New home sales for October were higher than expectations of 419,000 homes sold on a seasonally-adjusted annual basis. October’s reading of 444,000 new home sales was 21.60 percent higher than September’s reading of 354,000 new homes sold. The national median home price fell by 4.50 percent to $245,800 in October; this was the lowest month-to-month reading since November 2012.
The number of available homes fell to a 4.90 month supply in October. This may cause buyers to put their home searches on hold as they wait out the winter months and hope for supplies of available homes to increase.
U.S. Employment Improving, Mortgage Rates Rise
ADP a private-sector provider of payroll services reported 215,000 new jobs added in November as compared to October’s reading of 184,000 jobs added. Weekly jobless claims supported the ADP reading as new jobless claims fell to 298,000 against expectations of 325,000 new claims and a prior reading of 321,000 new claims.
The Bureau of Labor Statistics brought more good news with its Non-Farm Payrolls report and Unemployment Rate for November. Non-Farm payrolls added 203,000 jobs in November against expectations of 180,000 jobs added and October’s reading of 200,000 jobs added.
The National Unemployment rate dipped to 7.00 percent in November against expectations of a 7.20 percent reading and October’s reading of 7.30 percent. The Federal Reserve has set a benchmark unemployment rate of 6.50 percent as an indicator of economic recovery.
Last week’s strong economic news boosted mortgage rates; Freddie Mac reported that the average rate for a 30-year fixed rate mortgage rose by 17 basis points to 4.46 percent with discount points lower at 0.50 percent.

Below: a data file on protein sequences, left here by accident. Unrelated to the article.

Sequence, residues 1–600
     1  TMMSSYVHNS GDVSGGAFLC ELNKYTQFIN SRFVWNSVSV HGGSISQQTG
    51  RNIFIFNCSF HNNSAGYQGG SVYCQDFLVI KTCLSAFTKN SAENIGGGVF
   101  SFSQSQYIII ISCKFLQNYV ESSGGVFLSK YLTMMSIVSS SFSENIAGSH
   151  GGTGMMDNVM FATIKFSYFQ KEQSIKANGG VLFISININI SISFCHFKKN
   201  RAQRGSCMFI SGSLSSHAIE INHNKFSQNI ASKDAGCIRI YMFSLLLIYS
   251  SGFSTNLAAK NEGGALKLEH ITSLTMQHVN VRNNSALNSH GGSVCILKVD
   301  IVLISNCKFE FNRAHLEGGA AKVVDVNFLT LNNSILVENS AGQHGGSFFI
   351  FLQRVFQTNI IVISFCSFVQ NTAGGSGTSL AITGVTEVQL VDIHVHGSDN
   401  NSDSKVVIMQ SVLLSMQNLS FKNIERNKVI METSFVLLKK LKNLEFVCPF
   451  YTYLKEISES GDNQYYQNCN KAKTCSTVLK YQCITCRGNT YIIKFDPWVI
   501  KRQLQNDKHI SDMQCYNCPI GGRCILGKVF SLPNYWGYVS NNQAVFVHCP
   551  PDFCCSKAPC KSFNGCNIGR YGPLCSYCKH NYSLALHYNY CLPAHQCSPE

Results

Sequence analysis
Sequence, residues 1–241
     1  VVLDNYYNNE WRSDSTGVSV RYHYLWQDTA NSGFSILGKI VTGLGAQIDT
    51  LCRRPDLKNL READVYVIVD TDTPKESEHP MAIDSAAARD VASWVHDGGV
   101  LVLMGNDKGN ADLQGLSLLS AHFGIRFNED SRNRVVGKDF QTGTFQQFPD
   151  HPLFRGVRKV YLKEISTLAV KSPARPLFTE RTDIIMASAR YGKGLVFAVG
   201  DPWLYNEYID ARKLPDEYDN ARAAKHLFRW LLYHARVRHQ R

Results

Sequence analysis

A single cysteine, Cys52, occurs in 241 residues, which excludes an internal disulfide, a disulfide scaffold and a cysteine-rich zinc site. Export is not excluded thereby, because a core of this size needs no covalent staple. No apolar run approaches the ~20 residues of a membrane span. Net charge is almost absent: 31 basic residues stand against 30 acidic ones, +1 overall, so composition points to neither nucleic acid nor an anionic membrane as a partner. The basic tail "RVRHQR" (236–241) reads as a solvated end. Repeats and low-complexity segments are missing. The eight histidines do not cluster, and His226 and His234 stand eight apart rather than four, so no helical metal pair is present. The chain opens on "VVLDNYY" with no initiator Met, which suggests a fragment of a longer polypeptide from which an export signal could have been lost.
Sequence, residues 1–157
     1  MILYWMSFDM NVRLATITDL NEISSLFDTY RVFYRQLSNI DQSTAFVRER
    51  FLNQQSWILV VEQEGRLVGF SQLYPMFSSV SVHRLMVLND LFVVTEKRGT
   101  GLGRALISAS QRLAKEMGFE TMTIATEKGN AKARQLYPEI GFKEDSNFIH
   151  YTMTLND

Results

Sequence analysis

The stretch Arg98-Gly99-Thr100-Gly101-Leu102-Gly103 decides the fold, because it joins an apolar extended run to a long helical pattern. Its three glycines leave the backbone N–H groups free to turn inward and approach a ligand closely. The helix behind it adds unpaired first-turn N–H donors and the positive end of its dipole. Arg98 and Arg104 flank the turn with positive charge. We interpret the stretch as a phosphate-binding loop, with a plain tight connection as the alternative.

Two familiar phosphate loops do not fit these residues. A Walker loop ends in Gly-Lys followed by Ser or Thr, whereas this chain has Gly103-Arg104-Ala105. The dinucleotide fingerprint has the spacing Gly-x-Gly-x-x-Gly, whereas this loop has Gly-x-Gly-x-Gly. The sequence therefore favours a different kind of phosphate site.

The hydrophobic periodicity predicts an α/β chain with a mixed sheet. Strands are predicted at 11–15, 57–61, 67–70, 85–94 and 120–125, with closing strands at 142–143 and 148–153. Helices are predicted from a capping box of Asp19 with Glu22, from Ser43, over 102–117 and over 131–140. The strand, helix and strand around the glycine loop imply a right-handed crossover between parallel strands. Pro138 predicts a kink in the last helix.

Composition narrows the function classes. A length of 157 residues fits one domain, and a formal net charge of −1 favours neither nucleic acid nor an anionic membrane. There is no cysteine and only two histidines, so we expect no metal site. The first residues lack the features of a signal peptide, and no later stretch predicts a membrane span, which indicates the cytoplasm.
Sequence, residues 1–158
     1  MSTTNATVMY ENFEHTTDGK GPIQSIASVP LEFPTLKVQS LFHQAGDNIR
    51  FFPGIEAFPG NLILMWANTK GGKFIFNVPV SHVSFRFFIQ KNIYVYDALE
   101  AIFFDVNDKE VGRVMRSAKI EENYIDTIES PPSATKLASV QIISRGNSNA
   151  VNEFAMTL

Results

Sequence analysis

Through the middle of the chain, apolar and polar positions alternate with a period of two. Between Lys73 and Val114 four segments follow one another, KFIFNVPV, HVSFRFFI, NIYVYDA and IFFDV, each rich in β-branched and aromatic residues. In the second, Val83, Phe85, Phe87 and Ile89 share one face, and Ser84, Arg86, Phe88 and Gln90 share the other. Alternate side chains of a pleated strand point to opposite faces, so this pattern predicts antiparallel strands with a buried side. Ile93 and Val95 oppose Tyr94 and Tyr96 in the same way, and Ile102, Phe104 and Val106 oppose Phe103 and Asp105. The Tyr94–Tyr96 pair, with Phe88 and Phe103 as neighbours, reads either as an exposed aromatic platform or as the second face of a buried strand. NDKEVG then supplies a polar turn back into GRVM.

The average rate for a 15-year fixed rate mortgage also gained 17 basis points at 3.47 percent with discount points at 0.40 percent. The average rate for a 5/1 adjustable rate mortgage rose by 5 basis points to 2.99 percent with discount points at 0.4 percent.
What’s Coming Up
This week’s scheduled economic news includes Retail Sales, Weekly Jobless Claims and Freddie Mac’s report of average mortgage rates.
When it’s cold outside, there’s nothing quite as cozy as curling up on the sofa with a good book in front of a roaring fire. A fireplace evokes the idea of a warm and pleasant atmosphere.
However, if it isn’t properly maintained, your living room could be filled with a cloud of soot, or worse, fire. A fireplace not only creates a snug setting, but most are actually functional and can help heat your home.
Harness their heat and generate the ambiance of a softly lit living space by following the tips below to ensure yours is properly maintained and working efficiently before the first cold spell hits.
Clean It Regularly
Have your chimney cleaned out twice a year. The recommended number varies depending on how often you use your hearth. However, you should have it cleaned every fall to ensure it’s properly vented so that smoke has a way to escape.
Also, you’ll want to make sure that no animals have made their home there over the summer.
Close The Damper
Make sure you close the damper when you’re not using the fireplace. You don’t want to make your furnace work overtime because warm air is sneaking up and out the chimney.
Install A Chimney Cap
If your home doesn’t have a chimney cap, then have one installed. These help to prevent snow, leaves, animals and other debris from falling down the chimney. Caps also help keep downdrafts from gusting into your living area.
Burn Firewood Only
A fireplace isn’t the spot to burn your broken chair or ex-girlfriends photos. Painted wood, plastic and other treated wood surfaces can release chemicals into the air of your home. Worse, they can coat the interior walls of your fireplace, so you continue breathe them in for the next couple of fires.
Mount Smoke Alarms
If you don’t already have them, mount smoke alarms near your hearth and in every bedroom. Consider installing combined carbon monoxide and smoke detectors if you have a home with a gas-burning fireplace.
Don’t use your fireplace without taking the right precautions. Get it cleaned, and if it’s your first use, then be sure to get it inspected beforehand. Make the hearth in your home the heart of your home by following the tips above to ensure it’s up to snuff this fall.